Where things enter murky waters is in the behaviors of the retail ‘app’ brokers themselves. Robinhood halted trading which may – or may not have – disadvantaged some investors, small investors in particular. Moreover, the halt may have protected big investors from greater losses. By inhibiting the ability to trade certain securities, brokers may be charged with aiding manipulative or abusive market schemes. And the SEC makes it very clear that doing so is illegal.
That said, the verdict won’t be out on this part of the story anytime soon but it isn’t the first time that Robinhood has faced regtech scrutiny. Watchdogs are currently scrutinizing every move in this battle between amateur traders and Wall Street pros, and they’re now paying close attention to trade discussions on social media and monitoring for lawbreaking. With their IPO pending, Robinhood recently agreed to pay a $65 million fine levied by the SEC because broker-dealers like Robinhood have a “duty of best execution” which means they have to trade based on the best terms available at the time of the transaction Robinhood also places 39% of its orders with Citadel, a financial firm that is already under regulatory scrutiny for its deal flow. This part is really messy: Melvin shorted GameStop then Citadel, which is backed by Ken Griffin, bailed out Melvin to the tune of $2.75 billion.
What about collusion?
That’s where things get more interesting. Social media and the rise of influencers coupled with increased accessibility (where low-dough investors can chip in and buy stocks together to gain entry – even to exclusive markets) have made it possible for communities to rally around a ringleader. Individuals can choose to become part of the collective or pursue investment independently once they get the “scoop” on which path the majority are inclined to take. And that’s the grey zone that has everyone talking.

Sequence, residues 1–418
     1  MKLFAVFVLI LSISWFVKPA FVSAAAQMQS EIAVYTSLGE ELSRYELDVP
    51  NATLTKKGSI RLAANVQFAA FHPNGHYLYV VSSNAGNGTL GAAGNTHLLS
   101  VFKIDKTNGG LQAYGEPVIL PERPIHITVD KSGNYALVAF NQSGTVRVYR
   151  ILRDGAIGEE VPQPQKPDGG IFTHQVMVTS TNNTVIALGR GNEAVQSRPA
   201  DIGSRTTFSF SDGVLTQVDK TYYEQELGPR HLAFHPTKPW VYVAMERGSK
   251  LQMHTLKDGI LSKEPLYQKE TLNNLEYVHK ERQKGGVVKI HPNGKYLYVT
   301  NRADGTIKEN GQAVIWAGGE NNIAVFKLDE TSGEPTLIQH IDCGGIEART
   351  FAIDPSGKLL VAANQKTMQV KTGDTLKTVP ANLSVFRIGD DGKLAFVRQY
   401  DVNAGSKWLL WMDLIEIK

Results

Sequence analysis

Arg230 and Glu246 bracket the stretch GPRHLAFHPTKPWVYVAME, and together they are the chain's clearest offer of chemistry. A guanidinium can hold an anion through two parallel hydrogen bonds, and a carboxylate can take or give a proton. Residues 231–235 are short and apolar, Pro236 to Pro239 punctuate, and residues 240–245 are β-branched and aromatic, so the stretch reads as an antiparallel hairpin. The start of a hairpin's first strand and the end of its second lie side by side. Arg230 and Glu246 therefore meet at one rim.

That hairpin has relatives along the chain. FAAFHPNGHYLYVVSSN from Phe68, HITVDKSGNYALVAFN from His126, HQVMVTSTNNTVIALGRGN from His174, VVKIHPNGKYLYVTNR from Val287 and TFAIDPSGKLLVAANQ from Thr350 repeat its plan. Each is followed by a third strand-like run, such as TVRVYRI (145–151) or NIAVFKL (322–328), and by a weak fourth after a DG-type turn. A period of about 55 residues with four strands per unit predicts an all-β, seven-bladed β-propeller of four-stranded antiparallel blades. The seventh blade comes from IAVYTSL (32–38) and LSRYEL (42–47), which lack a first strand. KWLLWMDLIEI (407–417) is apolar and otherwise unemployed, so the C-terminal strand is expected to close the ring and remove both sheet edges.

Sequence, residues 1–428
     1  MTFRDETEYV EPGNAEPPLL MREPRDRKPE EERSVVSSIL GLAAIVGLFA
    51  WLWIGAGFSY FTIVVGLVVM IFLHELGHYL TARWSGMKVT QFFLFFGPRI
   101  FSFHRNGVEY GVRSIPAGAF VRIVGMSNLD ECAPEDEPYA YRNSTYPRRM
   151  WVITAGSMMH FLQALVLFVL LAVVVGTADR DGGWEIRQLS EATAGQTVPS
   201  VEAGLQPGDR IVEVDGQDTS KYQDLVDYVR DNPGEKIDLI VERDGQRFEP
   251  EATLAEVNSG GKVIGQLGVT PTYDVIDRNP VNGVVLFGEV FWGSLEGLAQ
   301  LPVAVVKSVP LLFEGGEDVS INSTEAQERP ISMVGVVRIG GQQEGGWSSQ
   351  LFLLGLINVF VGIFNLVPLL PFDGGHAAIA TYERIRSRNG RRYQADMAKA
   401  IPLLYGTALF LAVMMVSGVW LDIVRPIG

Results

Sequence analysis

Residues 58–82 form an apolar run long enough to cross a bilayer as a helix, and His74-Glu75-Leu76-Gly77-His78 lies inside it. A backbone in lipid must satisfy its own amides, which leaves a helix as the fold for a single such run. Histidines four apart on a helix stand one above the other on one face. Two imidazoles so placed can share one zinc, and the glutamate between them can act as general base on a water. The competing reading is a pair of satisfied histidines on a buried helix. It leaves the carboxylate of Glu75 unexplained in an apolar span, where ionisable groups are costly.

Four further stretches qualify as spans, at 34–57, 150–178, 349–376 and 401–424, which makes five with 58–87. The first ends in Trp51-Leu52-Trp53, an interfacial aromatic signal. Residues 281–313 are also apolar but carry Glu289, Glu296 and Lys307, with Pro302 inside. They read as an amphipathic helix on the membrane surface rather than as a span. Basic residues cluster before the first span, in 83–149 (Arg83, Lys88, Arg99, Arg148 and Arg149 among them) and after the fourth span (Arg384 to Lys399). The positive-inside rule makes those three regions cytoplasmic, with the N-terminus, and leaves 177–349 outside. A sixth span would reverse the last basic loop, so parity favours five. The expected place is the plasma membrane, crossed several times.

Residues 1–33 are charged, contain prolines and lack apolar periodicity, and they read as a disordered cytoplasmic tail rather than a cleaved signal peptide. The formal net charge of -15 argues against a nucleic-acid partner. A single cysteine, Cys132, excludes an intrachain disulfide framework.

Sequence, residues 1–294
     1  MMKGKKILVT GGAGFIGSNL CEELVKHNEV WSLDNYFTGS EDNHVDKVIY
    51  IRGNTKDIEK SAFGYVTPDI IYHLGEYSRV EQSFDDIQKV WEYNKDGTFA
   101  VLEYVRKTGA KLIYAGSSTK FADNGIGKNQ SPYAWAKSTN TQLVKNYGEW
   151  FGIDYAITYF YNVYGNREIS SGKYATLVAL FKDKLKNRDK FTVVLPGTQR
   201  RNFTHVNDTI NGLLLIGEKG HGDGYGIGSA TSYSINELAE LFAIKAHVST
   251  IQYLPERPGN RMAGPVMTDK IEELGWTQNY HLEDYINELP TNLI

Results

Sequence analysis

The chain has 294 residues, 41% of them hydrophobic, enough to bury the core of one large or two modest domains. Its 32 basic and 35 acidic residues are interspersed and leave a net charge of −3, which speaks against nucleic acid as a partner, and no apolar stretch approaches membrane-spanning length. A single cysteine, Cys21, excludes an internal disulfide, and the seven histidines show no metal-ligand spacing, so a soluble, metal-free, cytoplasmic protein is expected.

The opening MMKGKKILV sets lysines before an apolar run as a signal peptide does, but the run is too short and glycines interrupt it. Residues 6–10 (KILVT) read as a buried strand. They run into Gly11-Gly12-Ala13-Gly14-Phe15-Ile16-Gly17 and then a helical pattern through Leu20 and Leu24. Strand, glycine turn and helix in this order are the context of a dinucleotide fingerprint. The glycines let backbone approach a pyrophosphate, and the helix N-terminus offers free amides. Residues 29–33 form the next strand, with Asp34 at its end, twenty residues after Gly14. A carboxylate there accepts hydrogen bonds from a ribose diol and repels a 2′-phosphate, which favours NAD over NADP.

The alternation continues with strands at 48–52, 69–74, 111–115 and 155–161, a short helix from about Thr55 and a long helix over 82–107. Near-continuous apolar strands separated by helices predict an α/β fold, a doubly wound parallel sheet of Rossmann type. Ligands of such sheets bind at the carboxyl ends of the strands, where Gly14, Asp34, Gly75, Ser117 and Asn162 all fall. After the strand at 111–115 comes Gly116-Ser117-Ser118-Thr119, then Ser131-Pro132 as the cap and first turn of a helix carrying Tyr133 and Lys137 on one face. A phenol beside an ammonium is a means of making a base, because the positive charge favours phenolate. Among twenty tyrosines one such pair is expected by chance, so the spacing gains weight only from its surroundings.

Individuals are making a choice whether or not to follow the cues from an influencer on social media. It’s quite another thing to sift through all those emojis and short-hand cryptic messages to correctly assess if individuals colluded to deliberately manipulate the markets as part of a master plan. The other missing piece is that general traffic of the social media channels is not monitored for market fraud; only the e-Comms of registered brokers and traders are monitored. This could change.
Exacerbating the complexity around the legal question of financial fraud that has been committed by the Redditors involved is the issue around identity. Most Redditors use avatars and operate online anonymously, many with untraceable accounts. Some of the Redditors involved have been revealed to be as young as 10 years old. Extrapolating from here, one could argue that a bunch of teenagers had the guile to rally other members of their community to manipulate the markets so quickly that $20 billion was lost before anyone even knew what was happening.
The question is, what happens now that we know silver is the next target of this cadre of online “bandits?” Can the SEC and other agencies in regtech move swiftly enough to legalize the surveillance of social media across all channels to monitor for Collusion and to sniff for potential acts of market abuse before they happen? With technology in place to do so, can hedge funds targeted by such nefarious schemes then charge Big Tech with being complicit for allowing investment conversations to occur between rogue traders and hence, enable market fraud? An even more provocative question is centered on the strength of the Reddit community – is it strong and swift enough that it can “trap” investors with a false squeeze as a diversion tactic to obfuscate some other plan?
We’ll have to watch things closely to see how this war between the “haves” and the “have nots” plays out. For now, what we do know is that a bunch of smart teenage gamers gamed the markets to the tune of $20 billion in losses on Wall Street – and counting.